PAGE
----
I was in the dressing room at Kentucky, helping out. Red brought me along so I could go out with the team and sit on the bench during the game. I rode over on the train with the team and just hung out in downtown Lexington before we went to the new stadium.
Downtown Lexington where Red Robertson "hung out" prior to the game while the team rested at the LaFayette Hotel in the background
I had watched Frank Rubarth in practice the week before. There seemed no way he could play at Kentucky because it was obvious that just running caused a lot of pain, and he couldn't raise his arm. But he was one of "The Immortals" who had vowed to play every minute during the rest of the season.
Before the game, Frank begged Coach Ofstie and the Chief to let him play. He said it was his last season and he had pledged with the other seniors that he would play just as they were. He actually had tears in his eyes, and he kept saying, "I can play. Just let me start and you'll see I can play."
The Chief looked over at Red and he saw Red nod his head, yes. I don't know if Frank even knew it, but it was because of Red that he started.
Frank played with one arm down at his side and obviously favored his shoulder. But he played hard, and the coaches left him in the game for as long as he was able to be effective.
Rubarth finally had to come out in the 2nd quarter, replaced by Jim "Judas" Priest.
Unbelievably, he re-entered the game in the 3rd quarter, relieving Walter Skidmore. But after a few plays, he had to come back out and Bill Kagin replaced him only to have Rubarth appear back on the field toward the end of the game in the 4th quarter. Those were the only substitutions in the game.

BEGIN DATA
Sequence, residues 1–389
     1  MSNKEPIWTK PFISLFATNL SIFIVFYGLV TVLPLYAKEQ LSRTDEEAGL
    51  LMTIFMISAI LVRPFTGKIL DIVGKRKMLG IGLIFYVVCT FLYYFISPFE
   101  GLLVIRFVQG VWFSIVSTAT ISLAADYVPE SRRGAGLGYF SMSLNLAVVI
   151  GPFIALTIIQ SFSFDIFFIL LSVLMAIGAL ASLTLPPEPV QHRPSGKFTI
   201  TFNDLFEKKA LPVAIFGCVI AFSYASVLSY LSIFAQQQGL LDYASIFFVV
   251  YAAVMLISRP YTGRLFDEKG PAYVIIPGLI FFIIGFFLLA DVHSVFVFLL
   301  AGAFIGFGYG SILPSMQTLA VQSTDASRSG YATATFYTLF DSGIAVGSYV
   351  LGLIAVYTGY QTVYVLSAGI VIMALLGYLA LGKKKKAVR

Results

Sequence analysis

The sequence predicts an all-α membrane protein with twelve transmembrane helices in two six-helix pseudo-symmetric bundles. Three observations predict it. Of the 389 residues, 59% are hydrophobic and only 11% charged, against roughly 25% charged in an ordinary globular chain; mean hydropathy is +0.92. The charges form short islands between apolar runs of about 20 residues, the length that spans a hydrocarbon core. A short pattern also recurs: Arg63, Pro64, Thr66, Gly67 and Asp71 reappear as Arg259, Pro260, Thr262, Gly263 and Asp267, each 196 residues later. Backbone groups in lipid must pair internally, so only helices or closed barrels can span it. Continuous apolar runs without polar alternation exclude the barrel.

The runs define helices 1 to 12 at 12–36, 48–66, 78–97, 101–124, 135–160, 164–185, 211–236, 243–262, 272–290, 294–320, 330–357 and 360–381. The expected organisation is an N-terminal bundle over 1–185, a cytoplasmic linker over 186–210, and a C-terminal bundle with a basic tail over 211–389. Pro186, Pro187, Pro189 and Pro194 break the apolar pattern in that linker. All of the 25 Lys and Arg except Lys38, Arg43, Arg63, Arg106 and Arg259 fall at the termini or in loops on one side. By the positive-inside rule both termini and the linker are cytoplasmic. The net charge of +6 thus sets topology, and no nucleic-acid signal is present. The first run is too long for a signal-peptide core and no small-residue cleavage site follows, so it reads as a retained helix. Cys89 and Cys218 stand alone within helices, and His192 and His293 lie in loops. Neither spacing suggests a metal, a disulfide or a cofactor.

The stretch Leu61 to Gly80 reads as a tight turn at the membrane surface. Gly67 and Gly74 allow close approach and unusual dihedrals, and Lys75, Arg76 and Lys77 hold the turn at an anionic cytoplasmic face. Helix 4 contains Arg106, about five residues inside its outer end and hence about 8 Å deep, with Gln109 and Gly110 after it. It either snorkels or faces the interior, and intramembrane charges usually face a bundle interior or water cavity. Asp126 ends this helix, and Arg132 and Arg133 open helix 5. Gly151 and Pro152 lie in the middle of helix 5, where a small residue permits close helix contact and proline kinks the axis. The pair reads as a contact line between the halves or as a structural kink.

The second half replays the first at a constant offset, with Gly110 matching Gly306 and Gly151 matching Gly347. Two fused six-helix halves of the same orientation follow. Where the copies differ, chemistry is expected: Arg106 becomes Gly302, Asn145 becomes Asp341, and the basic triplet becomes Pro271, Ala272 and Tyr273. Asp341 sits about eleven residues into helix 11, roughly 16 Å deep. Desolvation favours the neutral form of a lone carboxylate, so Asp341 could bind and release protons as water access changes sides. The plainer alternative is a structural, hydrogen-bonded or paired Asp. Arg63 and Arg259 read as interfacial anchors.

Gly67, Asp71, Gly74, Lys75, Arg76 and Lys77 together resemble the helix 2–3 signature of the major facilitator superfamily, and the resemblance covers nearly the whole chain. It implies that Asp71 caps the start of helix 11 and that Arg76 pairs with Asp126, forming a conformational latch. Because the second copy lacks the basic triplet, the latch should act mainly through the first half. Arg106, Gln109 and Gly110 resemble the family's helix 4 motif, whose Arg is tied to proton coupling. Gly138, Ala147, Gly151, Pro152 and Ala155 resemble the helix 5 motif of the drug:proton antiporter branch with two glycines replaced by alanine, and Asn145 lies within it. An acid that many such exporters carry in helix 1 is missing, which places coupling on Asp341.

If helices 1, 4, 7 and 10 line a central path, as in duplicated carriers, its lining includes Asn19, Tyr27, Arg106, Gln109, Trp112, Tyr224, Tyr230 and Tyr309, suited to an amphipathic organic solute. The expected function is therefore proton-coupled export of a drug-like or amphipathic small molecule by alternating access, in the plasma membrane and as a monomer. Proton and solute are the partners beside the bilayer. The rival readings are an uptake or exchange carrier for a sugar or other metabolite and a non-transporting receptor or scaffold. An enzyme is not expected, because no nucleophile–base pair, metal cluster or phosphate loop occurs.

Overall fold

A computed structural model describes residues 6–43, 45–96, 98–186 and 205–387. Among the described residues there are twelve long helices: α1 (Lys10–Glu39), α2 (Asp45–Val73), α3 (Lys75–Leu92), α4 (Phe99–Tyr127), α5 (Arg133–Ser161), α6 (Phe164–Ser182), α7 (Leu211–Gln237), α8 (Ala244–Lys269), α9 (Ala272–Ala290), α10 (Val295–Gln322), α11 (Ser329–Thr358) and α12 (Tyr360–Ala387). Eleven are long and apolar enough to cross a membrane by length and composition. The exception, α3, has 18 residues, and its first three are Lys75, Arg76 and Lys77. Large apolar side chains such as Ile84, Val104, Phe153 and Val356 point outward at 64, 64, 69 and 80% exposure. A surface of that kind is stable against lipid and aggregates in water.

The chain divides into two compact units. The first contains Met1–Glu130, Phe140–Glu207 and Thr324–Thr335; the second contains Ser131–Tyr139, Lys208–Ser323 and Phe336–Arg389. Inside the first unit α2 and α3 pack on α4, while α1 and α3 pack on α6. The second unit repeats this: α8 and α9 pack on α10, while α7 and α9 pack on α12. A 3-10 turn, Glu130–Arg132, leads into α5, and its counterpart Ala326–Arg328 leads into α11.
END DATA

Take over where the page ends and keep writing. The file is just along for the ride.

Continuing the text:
Centre and the "Seven Immortals" had won the first of the four games against the Southern Conference teams, and they again had a winning record, as they'd been accustomed.
The day after the game, "Matador" wrote his impressions of the afternoon. He said he overheard "a fair maiden complaining about the officiating."
"On my, did you see that? Centre made a first down in less than four downs and the referee didn't even notice it!"
"Matador" also made note of some of the Colonels' players.
It is too bad Covington can't play another year. When they take Covington away from Centre, it will be like taking the Leaning Tower away from Pisa. And when they take Gordy and Kubale away, it'll be like taking the props out from under that Tower.
Covington was harder to stop than an ingrown toenail. He and Gordy did more things to the Kentucky line than a Chinese laundry can do to a silk shirt.
Next it was a trip to Knoxville to play the Volunteers of the University of Tennessee.